The Frailties of Fanny
With the publication of Sense and Sensibility Jane Austen has by no means finished with the stereotypes of the oppositional polemical novel of the nineties, but her next work after the publication of Pride and Prejudice brings a somewhat different feature of contemporary fiction more centrally into play - the exemplary girl who battles with worldliness and vice, emerging ultimately victorious after innumerable tribulations, misunderstandings and accusations. She is often, though not always, orphaned, or for some other reason dependent on the protection of powerful relations.
Emmeline, Cecilia, Camilla and Belinda are examples of this kind of heroine, and though, as we have seen, Austen was not unreservedly admiring of either Fanny Burney or Maria Edgeworth, and had already parodied Emmeline in Northanger Abbey, they display enough signs of human frailty to be more to her taste than other pattern females who appear in novels which she specifically scorns in her letters to Cassandra and Anna. Sarah Burney's Clarentine (1798) concerns a girl who, despite temptations, never deviates, even in thought, from the accepted path of right conduct. Austen is unreservedly scathing about this one in a letter to Cassandra. Two other novelists are mentioned by her in disparaging terms - Hannah More, whose Calebs in Search of a Wife came out in 1808, and Mary Brunton, who published Self-control in 1810. All three novels clearly set out to instruct whilst at the same time entertaining a public hungry for fiction as well as for moral guidance.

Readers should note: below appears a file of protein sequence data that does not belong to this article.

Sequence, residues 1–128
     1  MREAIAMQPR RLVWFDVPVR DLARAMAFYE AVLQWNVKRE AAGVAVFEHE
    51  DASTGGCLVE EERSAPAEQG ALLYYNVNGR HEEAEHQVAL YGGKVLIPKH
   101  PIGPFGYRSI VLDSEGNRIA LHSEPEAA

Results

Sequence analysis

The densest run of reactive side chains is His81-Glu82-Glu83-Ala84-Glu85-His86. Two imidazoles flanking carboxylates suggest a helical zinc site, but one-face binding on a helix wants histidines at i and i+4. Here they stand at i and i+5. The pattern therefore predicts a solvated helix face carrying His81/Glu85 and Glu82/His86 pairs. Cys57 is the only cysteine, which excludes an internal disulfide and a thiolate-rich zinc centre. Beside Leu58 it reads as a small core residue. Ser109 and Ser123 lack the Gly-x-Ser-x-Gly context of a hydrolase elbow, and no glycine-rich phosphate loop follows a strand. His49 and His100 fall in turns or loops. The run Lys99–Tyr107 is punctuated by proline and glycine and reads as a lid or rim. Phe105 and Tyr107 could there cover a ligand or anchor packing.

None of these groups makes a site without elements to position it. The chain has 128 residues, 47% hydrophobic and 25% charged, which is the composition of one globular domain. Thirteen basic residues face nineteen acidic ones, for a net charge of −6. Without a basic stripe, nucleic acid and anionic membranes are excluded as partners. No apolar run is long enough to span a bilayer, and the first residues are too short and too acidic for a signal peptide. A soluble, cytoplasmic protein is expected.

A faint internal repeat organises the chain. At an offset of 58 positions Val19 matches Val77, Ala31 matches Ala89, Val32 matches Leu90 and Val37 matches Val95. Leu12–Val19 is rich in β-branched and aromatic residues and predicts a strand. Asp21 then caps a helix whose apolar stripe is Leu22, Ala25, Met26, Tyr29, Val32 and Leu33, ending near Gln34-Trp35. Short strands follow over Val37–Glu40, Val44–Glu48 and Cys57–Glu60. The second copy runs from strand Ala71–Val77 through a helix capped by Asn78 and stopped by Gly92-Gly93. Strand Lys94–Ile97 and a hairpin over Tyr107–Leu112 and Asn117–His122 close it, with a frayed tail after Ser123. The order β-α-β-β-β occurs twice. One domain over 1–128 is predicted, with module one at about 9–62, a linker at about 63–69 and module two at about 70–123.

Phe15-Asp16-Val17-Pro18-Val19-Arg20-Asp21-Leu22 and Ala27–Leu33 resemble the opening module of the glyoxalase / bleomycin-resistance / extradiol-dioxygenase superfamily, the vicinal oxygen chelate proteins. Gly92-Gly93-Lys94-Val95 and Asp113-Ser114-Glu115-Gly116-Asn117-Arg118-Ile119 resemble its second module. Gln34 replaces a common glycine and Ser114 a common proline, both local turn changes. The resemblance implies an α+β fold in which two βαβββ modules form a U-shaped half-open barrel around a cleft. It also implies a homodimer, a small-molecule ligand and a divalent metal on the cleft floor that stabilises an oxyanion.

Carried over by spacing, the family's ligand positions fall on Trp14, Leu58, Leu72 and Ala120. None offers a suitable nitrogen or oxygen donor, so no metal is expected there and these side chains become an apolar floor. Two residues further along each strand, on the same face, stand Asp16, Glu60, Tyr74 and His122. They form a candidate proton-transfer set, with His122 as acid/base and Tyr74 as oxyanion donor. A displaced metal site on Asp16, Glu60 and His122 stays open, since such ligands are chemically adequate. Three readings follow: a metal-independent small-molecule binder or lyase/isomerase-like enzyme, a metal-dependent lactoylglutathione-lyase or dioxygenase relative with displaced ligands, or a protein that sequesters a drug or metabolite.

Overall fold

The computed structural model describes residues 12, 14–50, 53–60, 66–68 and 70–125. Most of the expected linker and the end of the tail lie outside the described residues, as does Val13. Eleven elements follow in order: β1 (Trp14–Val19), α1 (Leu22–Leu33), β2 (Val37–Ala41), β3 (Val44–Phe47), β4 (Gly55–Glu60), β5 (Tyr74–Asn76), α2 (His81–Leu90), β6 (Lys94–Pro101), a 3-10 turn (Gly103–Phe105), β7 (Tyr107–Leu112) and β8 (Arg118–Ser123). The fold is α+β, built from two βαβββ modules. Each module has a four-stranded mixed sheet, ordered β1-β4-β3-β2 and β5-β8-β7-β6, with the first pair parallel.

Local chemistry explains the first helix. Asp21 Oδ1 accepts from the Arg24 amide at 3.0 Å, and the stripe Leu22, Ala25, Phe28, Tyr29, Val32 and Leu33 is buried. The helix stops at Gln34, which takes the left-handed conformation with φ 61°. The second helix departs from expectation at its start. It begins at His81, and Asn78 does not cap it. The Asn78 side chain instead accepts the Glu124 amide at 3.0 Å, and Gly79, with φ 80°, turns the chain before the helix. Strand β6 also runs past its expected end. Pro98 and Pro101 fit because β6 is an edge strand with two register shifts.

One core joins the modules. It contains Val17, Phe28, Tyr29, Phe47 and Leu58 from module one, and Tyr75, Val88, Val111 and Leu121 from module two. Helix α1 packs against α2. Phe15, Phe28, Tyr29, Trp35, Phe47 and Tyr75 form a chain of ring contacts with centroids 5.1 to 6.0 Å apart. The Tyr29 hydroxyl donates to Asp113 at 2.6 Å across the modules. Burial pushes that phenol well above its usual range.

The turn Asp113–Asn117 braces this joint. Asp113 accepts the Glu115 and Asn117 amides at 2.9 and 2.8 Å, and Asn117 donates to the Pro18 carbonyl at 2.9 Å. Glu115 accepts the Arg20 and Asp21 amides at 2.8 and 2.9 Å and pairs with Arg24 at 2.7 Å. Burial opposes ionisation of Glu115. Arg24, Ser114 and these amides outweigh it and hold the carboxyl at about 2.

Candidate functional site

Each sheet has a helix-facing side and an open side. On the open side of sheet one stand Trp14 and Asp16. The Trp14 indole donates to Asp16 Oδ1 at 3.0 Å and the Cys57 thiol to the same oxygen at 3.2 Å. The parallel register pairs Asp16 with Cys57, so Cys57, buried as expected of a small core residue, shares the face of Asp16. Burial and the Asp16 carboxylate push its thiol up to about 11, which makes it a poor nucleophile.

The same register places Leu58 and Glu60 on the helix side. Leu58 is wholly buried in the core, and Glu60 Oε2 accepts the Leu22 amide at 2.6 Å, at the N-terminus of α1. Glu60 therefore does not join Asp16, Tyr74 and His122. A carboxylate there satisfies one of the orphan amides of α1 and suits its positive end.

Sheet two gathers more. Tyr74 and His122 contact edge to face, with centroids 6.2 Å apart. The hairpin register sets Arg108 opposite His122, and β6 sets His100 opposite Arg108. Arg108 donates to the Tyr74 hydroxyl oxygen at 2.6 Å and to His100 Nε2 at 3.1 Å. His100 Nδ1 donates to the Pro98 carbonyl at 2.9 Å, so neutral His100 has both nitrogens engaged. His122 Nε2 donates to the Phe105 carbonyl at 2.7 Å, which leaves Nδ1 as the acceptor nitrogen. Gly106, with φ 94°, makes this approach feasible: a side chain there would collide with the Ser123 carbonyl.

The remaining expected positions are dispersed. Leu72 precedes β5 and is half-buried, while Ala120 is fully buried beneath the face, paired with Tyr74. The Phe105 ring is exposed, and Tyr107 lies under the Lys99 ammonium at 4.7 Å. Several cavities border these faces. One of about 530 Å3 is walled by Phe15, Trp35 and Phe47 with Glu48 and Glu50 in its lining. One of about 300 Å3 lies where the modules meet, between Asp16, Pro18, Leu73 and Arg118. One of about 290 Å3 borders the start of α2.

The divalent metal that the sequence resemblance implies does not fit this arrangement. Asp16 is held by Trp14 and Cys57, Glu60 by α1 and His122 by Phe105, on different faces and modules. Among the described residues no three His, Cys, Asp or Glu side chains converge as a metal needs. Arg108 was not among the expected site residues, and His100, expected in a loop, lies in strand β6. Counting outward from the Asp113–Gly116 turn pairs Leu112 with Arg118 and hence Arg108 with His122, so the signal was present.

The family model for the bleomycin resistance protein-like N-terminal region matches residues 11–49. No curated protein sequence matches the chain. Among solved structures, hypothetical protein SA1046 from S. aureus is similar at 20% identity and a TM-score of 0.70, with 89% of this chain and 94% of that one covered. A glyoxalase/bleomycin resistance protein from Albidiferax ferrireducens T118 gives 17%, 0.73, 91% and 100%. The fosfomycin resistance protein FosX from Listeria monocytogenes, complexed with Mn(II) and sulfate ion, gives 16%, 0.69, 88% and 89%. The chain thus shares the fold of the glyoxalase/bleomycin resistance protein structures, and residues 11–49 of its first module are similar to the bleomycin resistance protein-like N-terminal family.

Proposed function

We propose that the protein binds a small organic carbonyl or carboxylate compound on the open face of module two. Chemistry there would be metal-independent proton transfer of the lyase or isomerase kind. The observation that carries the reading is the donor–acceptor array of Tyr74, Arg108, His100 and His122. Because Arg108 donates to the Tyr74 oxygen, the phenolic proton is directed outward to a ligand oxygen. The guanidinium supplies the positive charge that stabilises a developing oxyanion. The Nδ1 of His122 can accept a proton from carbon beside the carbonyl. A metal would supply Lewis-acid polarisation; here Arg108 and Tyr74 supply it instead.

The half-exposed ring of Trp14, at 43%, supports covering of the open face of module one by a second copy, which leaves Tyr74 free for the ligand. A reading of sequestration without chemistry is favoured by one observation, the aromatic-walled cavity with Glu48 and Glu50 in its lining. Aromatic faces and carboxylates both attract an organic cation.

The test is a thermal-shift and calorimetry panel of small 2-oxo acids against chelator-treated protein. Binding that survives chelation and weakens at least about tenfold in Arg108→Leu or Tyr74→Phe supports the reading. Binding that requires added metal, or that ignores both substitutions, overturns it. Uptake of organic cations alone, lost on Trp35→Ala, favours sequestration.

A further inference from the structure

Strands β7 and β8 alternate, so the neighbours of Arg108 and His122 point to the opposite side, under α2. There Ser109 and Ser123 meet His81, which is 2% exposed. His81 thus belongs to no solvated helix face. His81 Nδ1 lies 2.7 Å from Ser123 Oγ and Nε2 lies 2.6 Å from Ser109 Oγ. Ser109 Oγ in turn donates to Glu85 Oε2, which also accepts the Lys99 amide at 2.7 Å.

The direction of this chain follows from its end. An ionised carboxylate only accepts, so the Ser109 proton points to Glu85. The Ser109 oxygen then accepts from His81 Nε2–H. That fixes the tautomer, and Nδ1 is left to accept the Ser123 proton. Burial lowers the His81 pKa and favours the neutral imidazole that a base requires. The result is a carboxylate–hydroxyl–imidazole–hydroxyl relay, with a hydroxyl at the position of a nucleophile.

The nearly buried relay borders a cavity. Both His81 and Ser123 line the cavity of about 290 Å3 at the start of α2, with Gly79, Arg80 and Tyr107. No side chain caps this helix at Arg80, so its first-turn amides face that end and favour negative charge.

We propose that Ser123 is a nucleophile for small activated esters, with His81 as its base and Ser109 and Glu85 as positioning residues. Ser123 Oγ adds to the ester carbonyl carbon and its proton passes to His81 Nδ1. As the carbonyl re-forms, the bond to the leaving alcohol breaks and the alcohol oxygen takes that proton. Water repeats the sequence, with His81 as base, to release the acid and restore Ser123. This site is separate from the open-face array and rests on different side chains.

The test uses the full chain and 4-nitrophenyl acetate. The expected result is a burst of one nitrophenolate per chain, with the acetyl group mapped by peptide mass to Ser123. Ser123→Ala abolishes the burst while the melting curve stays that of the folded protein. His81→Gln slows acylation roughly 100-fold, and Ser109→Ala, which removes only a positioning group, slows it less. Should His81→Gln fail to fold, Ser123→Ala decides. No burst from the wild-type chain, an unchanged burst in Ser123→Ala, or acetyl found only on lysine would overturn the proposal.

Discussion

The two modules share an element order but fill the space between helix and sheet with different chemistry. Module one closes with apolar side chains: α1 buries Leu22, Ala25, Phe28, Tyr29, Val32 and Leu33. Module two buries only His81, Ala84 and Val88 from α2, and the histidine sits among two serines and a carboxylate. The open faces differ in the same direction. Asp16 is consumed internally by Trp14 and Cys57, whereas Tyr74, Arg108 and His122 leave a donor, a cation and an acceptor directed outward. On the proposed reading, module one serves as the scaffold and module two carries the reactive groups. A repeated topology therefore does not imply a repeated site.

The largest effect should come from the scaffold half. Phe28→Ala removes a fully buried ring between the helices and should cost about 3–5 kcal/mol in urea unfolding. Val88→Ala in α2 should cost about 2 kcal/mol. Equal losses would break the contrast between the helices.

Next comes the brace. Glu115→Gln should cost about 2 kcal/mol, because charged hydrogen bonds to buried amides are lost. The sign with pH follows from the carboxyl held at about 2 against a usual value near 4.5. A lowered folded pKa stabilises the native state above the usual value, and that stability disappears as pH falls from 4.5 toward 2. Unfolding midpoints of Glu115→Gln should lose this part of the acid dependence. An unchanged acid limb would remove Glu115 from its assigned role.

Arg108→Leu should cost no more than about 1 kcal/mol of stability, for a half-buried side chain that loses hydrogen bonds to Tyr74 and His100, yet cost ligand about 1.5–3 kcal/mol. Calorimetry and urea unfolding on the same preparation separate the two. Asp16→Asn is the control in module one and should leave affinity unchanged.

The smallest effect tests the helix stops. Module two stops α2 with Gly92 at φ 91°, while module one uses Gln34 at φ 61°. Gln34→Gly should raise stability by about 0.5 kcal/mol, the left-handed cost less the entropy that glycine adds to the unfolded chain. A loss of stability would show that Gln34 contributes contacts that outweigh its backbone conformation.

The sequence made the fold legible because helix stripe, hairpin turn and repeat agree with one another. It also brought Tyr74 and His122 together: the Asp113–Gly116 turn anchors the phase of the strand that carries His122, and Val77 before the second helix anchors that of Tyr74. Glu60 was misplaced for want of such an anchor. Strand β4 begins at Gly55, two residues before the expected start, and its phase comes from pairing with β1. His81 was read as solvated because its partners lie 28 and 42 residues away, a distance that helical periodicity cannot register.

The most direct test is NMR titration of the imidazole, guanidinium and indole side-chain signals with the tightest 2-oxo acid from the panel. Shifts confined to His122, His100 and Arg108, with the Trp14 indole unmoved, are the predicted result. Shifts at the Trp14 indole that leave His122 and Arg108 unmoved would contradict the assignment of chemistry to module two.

For Austen they appear to have represented a trend in fiction of which she could not approve. Of Clarentine she remarks in 1807, 'It is full of unnatural conduct & forced difficulties, without striking merit of any kind'; 1 in 1809 Cassandra's account of Calebs does not attract her — 'My disinclination for it before was affected, but now it is real. I do not like the Evangelicals. ' She later accuses More of pedantry in